The long shot for peace

Yhe Afghan policy under Trump has become more aggressive with its heavy reliance on aerial power

Maryam Nazir June 24, 2018
The writer is an assistant research officer at the Islamabad Policy Research Institute. She can be reached at [email protected]

After the recent events that took place in Afghanistan, hopes for peace have risen high. From the government’s initiative of a ceasefire (on Eid) to its reciprocation by the Afghan Taliban, the possibility of reconciliation among warring parties, received an affirmation. However, the resumption of attacks by the Afghan Taliban, refusal to accept the government’s proposal for talks and decision to take action against those members who were swapping selfies with soldiers and government officials during the three-day ceasefire, undermined the hopes that had initially been rekindled.

These developments clearly speak of the mindset and psyche of the Afghan Taliban, who possibly want the government to consider their power and hold as legitimate. Or, possibly it is that the Taliban might not like or believe to give up their established power without any solid assurances by entering into any deal or settlement as it happened in the case of Hizb-e-Islami, previously. But in this entire enigma, parties must understand that settlements are majorly based on ‘balanced proportions of give and take’.

In another development, it is suspected that Ashraf Ghani’s offer to hold unconditional peace talks might set the stage for the US to open back-channel negotiations with the Taliban. With all the Afghan government has to offer, the opportunity now lies with the Americans and their diplomatic skills, largely. Realistically, neither the US’s bid of peace in Afghanistan nor the tactics of engagement by the US are lucrative enough. For a national government, stability is the key to a vital national interest but for the US, it is its peaceful exit and the threat of Da’ish that are the primary concerns.

More so, the Afghan policy under Trump has become more aggressive with its heavy reliance on aerial power with frequent air strikes. However, if the strikes aim to target the militants, civilian casualties also constitute the total. As per reports, heavy bombing against the Taliban and IS saw more Afghan civilians killed and injured from the air in 2017 than at any time since the UN began counting in 2009.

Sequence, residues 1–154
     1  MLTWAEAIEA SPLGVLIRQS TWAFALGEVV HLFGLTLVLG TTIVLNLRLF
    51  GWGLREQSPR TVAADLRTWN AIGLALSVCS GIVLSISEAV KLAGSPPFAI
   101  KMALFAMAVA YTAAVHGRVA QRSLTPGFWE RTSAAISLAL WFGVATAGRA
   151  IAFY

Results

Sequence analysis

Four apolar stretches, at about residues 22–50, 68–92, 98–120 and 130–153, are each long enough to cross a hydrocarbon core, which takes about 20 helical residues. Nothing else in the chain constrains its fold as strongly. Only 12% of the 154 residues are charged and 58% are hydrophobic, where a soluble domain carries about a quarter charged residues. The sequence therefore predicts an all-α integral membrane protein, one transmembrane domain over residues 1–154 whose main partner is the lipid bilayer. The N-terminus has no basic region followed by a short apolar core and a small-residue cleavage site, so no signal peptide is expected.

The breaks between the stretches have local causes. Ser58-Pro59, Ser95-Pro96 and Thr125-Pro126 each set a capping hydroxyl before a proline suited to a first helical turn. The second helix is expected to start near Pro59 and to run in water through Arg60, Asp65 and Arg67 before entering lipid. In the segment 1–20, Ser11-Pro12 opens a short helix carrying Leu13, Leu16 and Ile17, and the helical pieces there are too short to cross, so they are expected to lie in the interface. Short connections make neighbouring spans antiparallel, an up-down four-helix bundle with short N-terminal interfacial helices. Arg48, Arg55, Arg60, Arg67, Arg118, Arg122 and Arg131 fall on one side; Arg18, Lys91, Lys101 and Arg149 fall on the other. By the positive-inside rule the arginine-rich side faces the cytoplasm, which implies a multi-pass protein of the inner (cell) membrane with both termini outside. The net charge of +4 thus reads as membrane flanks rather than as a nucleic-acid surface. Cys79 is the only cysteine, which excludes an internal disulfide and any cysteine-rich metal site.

The Dasht-e-Archi district incident in April, when a group of students who were attending a traditional ceremony of their memorisation of the Quran were killed in the aerial bombing alongside the militants, the incident resulted in only reducing the already low support for the foreign forces in the region.

Besides, with the brokering of ceasefire deal by China and Pakistan, there are major lessons for the US to learn. Important of all: there is no Pakistan-minus solution to the Afghan crisis. While the US gilds India as another ‘major’ stakeholder for socio-economic development in Afghanistan, persistent presence of insurgency in the land would multiply the developmental effects with zero, that is, good for nothing. Indian rapprochement towards Afghanistan is an excellent example of diplomatic maneuvering but changing partners would certainly change the circumstances for the US but not for the good.

Besides the ceasefire, the Helmand Peace March has also come up as an historic event. Afghan peace activists have arrived in Kabul after trekking some 700 kilometres on foot calling for an end to Afghanistan’s nearly 17-year war. This venture has set a precedent as it gave voice to the people’s aspiration with the slogans like, ‘We want peace’ and ‘Stop the war.’ As an initiative, it is a remarkable effort to record the aspirations of Afghan people globally as the march has gotten much traction in the media. The demands majorly call for a ceasefire between the Taliban and government forces, peace talks between the two sides, the implementation of a law agreed upon by the government and the Taliban, and the withdrawal of foreign forces. The group’s demands are simple and generic but are something stakeholders have not been able to agree to in the last 7 to 12 years. And for the moment, their acceptance still remains a question mark.

The stakes for peace in Afghanistan have been raised again at an all-time high. The initiatives and efforts have come up altogether in a new fashion but is it possible that this time peace would be given a priority? Not much resides with the thought.

Published in The Express Tribune, June 24th, 2018.

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